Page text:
The code used for the addresses may be straight binary, binary coded decimal, or any other form of binary code, the basic requirement being a unique code for each address. The switches on the pickup unit may be single pole changeover manual pushbutton or toggle switches, on which the address code may be setup in binary form. It is preferable to set up the address in decimal form and convert this to binary, since a decimal code is less liable to error, particularly with unskilled operators. This can be done by using multipole decade rotary switches or pushbuttons. If the switches have a number of banks equal to the number of digits in the code, circuits can be arranged over the switch contacts which will convert the 4 decimal input into the appropriate binary form, and effectively produce the circuit of FIGURE 2.

It will be noted that either the magnet box or the pickup unit can be mounted on the vehicle, the other being mounted on the track. Which method is selected will depend on the requirements of the particular application.

One application is to a system for the shipping of goods to a number of destinations. A closed loop of track passes through a loading area and past the ends of a multiplicity of shipping bays. Tracks in the bays are connected to the loop through points, which are normally set for motion along the loop. Vehicles can be connected to a continuous chain which moves them around the loop. If a point is set to divert a vehicle into a shipping bay, the coupling to the chain is automatically disengaged. Levels are arranged so that the bays fall away from the main loop, and the carrier runs into the bay by gravity. Each bay is allocated to one destination.

In this case it is more convenient to have the pickup unit on the truck. Goods arriving in the loading area may be for any destination. A vehicle is loaded with goods for one shipping bay, the address of that bay set up on the :pickup unit, and the vehicle coupled to the chain. In the track, just ahead of the point leading to each bay, is a magnet box containing the code for that bay. When the vehicle reaches the magnet box of the bay to which it is addressed, the recognition circuit in the pickup unit is made up. This causes a signal to be extended to the points operating mechanism and the vehicle is diverted into the bay, the points being reset again behind it.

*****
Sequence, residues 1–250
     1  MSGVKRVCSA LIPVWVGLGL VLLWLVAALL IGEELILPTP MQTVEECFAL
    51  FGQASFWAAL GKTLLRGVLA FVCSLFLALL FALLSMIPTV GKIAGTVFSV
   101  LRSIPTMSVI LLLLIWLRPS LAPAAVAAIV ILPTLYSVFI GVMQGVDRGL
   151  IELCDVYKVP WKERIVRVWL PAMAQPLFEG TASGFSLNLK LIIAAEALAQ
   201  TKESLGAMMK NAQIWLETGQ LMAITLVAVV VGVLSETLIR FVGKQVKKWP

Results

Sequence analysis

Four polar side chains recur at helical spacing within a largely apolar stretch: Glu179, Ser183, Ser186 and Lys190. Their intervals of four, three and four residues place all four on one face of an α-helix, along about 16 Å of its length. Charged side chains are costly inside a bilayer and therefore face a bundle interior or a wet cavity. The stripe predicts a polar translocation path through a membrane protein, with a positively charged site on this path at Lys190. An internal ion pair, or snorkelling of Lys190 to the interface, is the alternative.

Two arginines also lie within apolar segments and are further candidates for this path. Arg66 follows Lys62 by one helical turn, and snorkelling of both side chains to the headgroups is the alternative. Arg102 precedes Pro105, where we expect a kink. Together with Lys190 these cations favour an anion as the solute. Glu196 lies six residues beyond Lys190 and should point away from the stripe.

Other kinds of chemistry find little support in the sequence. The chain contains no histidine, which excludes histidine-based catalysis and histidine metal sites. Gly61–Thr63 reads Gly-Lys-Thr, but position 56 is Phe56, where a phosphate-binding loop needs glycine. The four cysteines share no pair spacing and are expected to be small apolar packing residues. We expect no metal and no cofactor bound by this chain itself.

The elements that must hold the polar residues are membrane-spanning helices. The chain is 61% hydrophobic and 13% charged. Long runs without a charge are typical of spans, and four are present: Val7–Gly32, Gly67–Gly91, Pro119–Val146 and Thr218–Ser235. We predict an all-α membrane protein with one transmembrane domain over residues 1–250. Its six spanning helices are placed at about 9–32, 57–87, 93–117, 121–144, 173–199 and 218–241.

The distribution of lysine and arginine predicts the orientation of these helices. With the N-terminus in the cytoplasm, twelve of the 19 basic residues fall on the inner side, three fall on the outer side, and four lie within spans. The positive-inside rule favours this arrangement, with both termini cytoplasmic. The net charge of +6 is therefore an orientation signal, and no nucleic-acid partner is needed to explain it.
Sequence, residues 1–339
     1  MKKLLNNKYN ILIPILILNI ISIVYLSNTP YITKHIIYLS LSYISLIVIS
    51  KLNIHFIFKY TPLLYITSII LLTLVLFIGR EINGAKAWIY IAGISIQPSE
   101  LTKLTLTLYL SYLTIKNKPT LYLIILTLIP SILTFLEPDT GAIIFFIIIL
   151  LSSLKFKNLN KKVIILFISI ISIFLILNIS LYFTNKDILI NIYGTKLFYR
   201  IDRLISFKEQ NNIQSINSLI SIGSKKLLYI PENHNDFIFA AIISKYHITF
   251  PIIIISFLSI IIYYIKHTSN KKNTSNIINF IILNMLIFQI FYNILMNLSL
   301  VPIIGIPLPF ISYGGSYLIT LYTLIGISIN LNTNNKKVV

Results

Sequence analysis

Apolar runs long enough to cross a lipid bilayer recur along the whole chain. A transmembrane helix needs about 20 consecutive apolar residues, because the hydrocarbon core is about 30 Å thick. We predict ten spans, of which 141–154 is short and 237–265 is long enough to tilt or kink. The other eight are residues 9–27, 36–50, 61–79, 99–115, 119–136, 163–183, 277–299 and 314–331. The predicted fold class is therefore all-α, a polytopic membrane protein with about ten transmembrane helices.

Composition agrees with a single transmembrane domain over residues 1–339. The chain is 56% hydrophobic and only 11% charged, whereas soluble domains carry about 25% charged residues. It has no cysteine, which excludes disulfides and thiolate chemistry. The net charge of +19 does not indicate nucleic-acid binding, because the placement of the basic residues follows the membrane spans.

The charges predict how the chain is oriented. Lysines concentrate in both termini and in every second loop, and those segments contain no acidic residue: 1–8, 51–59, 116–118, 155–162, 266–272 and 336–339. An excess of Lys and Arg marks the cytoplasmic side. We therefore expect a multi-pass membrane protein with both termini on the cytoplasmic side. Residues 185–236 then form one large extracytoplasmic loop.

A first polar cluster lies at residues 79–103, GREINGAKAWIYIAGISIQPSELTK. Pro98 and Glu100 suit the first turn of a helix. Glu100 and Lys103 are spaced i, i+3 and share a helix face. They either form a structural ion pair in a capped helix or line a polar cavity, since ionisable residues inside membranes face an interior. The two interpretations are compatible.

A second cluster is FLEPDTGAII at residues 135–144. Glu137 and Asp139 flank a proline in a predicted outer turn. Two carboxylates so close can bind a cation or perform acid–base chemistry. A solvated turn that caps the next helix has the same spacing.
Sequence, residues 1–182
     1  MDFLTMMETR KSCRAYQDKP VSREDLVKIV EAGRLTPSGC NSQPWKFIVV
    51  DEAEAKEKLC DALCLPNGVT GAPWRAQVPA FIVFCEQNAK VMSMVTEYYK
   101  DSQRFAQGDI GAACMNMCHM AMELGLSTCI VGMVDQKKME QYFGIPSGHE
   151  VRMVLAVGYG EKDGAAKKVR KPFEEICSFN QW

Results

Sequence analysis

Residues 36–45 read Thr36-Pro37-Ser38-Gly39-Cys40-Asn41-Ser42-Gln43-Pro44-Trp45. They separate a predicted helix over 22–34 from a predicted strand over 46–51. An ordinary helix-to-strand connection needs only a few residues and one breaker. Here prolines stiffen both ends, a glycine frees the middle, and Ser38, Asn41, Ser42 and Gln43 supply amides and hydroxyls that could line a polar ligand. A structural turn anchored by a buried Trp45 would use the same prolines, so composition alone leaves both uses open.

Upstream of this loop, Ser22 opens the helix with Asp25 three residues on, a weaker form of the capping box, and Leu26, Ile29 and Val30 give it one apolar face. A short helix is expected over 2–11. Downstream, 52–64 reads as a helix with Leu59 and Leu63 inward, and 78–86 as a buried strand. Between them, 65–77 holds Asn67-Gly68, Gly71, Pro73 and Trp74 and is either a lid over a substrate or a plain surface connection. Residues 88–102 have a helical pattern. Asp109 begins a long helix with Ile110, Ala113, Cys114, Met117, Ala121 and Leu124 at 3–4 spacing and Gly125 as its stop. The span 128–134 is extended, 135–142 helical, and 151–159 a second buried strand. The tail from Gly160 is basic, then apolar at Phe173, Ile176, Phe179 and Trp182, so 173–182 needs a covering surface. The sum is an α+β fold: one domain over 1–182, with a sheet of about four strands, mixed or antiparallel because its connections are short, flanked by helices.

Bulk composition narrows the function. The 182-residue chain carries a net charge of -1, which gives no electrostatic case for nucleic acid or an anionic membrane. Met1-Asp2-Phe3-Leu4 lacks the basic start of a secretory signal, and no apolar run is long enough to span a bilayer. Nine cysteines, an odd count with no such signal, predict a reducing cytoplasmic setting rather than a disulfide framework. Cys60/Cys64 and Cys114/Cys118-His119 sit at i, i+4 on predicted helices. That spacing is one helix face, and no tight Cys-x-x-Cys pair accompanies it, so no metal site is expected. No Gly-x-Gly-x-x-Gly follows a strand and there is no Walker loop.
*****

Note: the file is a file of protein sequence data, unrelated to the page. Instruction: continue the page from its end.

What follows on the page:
In this application it is necessary to pass a signal from the moving vehicle to the points operating mechanism attached to the fixed track. This can be done in a variety of ways. For example, an accoustic transducer on the truck may emit a narrow beam of energy when the pickup unit recognises its address, this signal being picked up by a microphone associated with the corresponding points mechanism. The use of a narrow beam at low power eliminates any possibility of accidentally triggering point mechanisms other than the one intended.